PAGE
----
June 9, 2017

Writing An Obituary

Writing an obituary after your loved one passes away can seem like a daunting task, especially since you’re already dealing with grief and many other stressors at the time. You might be thinking “I’m not a great writer,” and “How can I possibly do my loved one justice in such a small amount of space?” You don’t need to be a great writer, and you don’t need to account for every moment that person lived in order to honor them properly. Take a breath, and follow these simple instructions below.

Start with the basic facts. These include his/her name, age, date of death, and surviving relatives. You can list surviving relatives in the following order: spouse, children, grandchildren, parents, grandparents, and siblings. Adding nieces and nephews is optional. You can also consider adding the deceased one’s employment, clubs and activities he/she belonged to.

Don’t just list the basic facts. Highlight what made that person’s life extraordinary – every life is! Did they accomplish something great? Were they a marathon runner, an avid knitter, a wine enthusiast, a hiker? Did they have a wicked sense of humor or a unique hobby like collecting baseball cards or antique teapots? Don’t be afraid to be colorful and light.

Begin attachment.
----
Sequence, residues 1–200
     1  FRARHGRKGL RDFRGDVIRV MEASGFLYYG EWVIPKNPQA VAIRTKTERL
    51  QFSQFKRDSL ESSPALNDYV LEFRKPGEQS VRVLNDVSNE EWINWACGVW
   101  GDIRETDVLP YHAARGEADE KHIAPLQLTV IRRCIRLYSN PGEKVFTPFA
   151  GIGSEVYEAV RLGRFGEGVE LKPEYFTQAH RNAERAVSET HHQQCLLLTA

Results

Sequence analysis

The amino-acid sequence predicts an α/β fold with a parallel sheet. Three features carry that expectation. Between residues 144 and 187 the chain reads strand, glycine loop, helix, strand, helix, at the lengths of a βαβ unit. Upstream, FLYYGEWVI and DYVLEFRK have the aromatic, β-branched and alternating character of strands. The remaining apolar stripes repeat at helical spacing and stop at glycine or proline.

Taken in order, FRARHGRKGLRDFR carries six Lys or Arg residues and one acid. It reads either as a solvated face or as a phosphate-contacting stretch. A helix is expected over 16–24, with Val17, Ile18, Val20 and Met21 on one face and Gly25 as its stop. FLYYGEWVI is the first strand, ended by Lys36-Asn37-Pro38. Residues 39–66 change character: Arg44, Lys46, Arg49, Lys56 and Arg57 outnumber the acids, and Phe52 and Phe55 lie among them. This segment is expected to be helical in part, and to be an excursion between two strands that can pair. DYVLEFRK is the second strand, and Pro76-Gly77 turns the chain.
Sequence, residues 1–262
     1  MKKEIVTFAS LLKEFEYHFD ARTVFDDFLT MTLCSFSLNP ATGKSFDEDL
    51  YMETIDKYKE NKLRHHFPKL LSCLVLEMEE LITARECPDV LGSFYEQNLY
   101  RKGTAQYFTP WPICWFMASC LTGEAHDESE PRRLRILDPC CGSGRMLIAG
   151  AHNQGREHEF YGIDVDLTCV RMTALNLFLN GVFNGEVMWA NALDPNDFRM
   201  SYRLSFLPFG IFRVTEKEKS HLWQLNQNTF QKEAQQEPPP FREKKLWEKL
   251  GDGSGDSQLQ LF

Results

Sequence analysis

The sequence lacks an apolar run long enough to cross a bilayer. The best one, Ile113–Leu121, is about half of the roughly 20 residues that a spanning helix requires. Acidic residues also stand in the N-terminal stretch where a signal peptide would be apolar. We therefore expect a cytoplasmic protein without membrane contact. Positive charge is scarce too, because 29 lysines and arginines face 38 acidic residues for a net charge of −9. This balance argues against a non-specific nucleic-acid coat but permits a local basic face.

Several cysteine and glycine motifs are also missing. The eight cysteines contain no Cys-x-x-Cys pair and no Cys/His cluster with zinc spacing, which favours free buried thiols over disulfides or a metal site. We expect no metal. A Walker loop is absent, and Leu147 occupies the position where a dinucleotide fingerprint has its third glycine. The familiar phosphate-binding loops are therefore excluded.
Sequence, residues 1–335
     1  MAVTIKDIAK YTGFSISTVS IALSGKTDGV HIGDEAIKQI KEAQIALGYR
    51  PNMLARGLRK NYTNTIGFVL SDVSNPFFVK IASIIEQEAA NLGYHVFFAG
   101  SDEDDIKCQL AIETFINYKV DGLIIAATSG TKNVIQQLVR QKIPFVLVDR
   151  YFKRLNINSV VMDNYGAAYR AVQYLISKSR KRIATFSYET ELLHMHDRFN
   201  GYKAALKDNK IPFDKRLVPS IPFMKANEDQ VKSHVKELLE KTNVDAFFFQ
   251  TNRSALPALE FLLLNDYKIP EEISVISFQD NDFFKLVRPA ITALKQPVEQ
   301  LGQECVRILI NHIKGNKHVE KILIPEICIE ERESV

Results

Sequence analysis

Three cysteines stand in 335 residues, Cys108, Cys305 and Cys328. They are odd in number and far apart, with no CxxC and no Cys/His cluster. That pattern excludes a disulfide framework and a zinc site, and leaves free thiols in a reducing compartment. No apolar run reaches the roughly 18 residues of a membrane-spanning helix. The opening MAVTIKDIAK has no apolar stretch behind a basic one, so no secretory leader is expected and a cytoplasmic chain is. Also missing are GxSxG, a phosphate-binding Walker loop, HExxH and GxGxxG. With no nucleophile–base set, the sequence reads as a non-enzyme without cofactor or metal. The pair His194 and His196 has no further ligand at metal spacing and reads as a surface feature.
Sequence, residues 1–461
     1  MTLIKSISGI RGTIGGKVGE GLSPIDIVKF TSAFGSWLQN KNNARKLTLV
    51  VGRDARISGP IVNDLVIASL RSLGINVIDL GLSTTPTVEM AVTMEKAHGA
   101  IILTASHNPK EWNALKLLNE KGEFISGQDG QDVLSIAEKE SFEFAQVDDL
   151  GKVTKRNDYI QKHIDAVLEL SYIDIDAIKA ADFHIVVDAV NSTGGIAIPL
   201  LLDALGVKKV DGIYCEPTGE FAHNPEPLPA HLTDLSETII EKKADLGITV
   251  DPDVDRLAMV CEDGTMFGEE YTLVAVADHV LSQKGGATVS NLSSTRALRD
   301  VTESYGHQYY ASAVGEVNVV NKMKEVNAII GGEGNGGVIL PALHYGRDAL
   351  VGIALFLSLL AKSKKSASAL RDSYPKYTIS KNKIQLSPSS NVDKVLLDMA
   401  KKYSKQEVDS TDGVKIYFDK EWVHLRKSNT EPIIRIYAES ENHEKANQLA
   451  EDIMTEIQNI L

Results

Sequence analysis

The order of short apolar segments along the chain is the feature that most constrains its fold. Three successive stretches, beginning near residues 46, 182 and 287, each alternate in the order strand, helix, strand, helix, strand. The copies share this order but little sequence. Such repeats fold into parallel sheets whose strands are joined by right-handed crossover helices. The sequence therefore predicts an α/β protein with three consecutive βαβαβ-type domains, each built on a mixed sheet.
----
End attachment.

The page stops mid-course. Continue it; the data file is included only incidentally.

Say your thank you’s. Did a particular church or organization help you, your family or the deceased? You can thank them for their support.

Funeral plans and donations. Do you know when and where the service is being held? If so, list it at the end of the obituary along with where people can donate, if it’s applicable.

Proofread. It’s easy at a time like this to make a few mistakes. Have someone else read it for spelling mistakes and/or fact checking before submitting.

Put yourself in his/her shoes. Think to yourself – is this how I would like to be remembered?